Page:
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A search is underway for a missing submersible that brings tourists to the Titanic

This undated photo provided by OceanGate Expeditions in June 2021 shows the company's Titan submersible.
This undated photo provided by OceanGate Expeditions in June 2021 shows the company's Titan submersible.

Updated June 19, 2023 at 6:09 PM ET

A submersible known for taking tourists into the deep sea to view the Titanic wreckage has gone missing in the Atlantic Ocean.

The U.S. Coast Guard is working with Canada's coast guard and armed forces to search for the 21-foot vessel that lost communication with its control center.

"The 5 person crew submerged Sunday morning, and the crew of Polar Prince lost contact with them approximately 1 hour and 45 minutes into the vessel's dive," the U.S. Coast Guard Northeast wrote on Twitter.

At a press conference on Monday, Rear Admiral John Mauger of the U.S. Coast Guard said search and rescue teams are using aircrafts to scan the ocean, as well as sonar devices to detect possible underwater sounds coming from the submersible.

Mauger did not disclose the identities of the people on board but confirmed that officials are in process of notifying the passengers' families.

The vessel lost communications at about 435 miles (380 nautical miles) south of St. John's, Newfoundland, Canada's Joint Rescue Coordination Centre in Halifax, Nova Scotia, said on Twitter.

The missing vessel is owned by OceanGate, a company based in Washington state that offers underwater voyages to explore the remains of the iconic shipwreck from the seafloor.

"We are exploring and mobilizing all options to bring the crew back safely," the company said in a statement.

Its vessels are "equipped with some basic emergency medical supplies and 96 hours of life support," according to the company's websitevia the Wayback Machine. It takes approximately 2.5 hours to return back to the surface from the seabed, according to OceanGate.

The National Oceanic and Atmospheric Administration told NPR that it is also aware of the missing submersible and is closely monitoring the situation.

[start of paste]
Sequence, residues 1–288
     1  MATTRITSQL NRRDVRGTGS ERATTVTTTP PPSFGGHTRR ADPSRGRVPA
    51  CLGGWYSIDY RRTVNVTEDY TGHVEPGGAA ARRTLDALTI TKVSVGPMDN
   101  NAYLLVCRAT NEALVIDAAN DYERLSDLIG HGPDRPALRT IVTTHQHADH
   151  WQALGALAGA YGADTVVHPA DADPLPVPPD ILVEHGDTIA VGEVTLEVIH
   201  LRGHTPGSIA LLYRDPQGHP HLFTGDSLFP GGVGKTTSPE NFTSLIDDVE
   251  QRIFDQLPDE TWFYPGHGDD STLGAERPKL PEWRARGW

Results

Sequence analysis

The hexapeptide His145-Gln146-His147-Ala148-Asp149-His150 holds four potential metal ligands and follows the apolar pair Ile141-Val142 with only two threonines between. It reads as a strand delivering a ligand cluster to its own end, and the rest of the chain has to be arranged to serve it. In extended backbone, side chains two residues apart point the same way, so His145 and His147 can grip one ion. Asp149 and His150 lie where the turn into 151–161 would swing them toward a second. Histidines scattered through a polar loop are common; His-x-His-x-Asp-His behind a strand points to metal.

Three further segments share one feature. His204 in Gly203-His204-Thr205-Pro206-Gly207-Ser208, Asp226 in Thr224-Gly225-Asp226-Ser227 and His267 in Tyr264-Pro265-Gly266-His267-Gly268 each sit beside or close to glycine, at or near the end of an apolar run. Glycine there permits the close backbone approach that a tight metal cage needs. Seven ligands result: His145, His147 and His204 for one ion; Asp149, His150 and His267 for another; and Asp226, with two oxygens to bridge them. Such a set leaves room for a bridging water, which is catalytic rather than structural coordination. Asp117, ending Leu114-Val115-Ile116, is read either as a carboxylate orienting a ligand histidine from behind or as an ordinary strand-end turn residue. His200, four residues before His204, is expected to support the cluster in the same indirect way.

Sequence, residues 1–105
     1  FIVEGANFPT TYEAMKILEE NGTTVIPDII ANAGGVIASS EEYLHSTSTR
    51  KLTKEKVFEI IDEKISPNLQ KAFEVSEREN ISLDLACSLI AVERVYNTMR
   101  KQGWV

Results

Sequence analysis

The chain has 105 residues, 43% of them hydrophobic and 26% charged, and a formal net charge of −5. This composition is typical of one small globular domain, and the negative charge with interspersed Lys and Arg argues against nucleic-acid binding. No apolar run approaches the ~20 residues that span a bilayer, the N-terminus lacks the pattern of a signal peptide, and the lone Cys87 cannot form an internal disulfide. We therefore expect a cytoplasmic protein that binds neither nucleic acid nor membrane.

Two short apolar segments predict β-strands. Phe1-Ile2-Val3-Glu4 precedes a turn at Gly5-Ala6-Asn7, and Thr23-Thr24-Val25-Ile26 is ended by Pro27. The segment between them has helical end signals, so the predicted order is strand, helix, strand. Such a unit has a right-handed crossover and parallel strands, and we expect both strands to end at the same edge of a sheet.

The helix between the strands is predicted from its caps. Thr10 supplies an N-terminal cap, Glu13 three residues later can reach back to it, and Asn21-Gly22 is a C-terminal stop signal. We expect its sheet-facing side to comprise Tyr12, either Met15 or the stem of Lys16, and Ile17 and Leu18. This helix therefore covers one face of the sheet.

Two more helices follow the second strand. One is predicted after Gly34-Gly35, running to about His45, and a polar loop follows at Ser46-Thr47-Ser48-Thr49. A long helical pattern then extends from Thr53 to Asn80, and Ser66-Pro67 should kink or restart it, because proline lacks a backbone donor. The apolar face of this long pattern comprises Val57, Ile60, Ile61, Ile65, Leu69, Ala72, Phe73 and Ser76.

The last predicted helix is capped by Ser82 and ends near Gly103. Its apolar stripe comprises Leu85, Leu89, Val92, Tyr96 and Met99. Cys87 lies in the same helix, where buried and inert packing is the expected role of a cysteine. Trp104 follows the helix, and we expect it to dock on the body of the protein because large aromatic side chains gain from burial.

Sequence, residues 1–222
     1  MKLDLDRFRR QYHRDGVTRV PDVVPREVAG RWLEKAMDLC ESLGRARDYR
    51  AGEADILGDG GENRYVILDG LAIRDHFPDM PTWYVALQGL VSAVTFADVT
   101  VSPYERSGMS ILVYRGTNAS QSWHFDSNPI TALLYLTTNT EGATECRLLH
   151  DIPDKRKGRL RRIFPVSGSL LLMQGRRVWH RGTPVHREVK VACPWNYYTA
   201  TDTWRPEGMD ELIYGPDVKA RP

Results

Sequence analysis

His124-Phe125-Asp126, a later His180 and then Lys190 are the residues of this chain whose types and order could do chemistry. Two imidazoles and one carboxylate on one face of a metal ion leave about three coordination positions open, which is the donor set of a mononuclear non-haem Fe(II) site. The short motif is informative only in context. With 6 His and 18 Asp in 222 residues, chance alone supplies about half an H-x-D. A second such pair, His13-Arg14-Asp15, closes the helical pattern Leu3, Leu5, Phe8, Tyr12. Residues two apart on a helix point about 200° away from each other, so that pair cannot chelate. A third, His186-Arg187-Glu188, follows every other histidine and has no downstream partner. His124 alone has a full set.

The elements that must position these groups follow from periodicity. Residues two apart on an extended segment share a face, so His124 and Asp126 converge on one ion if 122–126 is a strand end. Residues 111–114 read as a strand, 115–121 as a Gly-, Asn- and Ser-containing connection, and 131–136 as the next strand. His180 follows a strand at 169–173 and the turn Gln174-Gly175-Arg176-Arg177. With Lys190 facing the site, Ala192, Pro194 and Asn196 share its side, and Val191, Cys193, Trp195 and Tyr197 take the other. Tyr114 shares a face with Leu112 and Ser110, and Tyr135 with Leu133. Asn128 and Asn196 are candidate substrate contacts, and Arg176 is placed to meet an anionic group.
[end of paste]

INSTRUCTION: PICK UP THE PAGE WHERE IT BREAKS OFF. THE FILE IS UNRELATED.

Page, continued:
The company's deep sea tour lasts about eight days and costs $250,000 per person. From St. John's in Newfoundland, Canada, explorers travel 380 miles offshore and 2.3 miles below the surface, according to the company's website.

The company gained popularity in recent years for its expeditions to the Titanic, and most recently the group created the first-ever-full-sized digital scan of the shipwreck.

Not the first time an OceanGate submersible was lost

This is not the first time an OceanGate submersible has gone lost, according to David Pogue, a correspondent for CBS Sunday Morning.

Pogue, who traveled on an OceanGate expedition to see the Titanic last summer, recalled that the control room was unable to help the submersible locate the wrecked liner for roughly three hours due to technical difficulties.

"The difference this year is that it seems like they lost contact with the ship," Pogue told NPR. "They can't even reach the sub and that's really scary."

The deep sea is difficult to navigate because there is no GPS or radio signals underwater, according to Pogue. The submersible relies on directions sent by the control center.

"All of these submersibles have been kind of janky," Pogue said.

He added that factors like bad weather and mechanical issues can hinder the expedition. In fact, the vessels rarely make it to the Titanic, despite the expensive price tag, according to Pogue.

Copyright 2023 NPR. To see more, visit https://www.npr.org.

Juliana Kim
Juliana Kim is a weekend reporter for Digital News, where she adds context to the news of the day and brings her enterprise skills to NPR's signature journalism.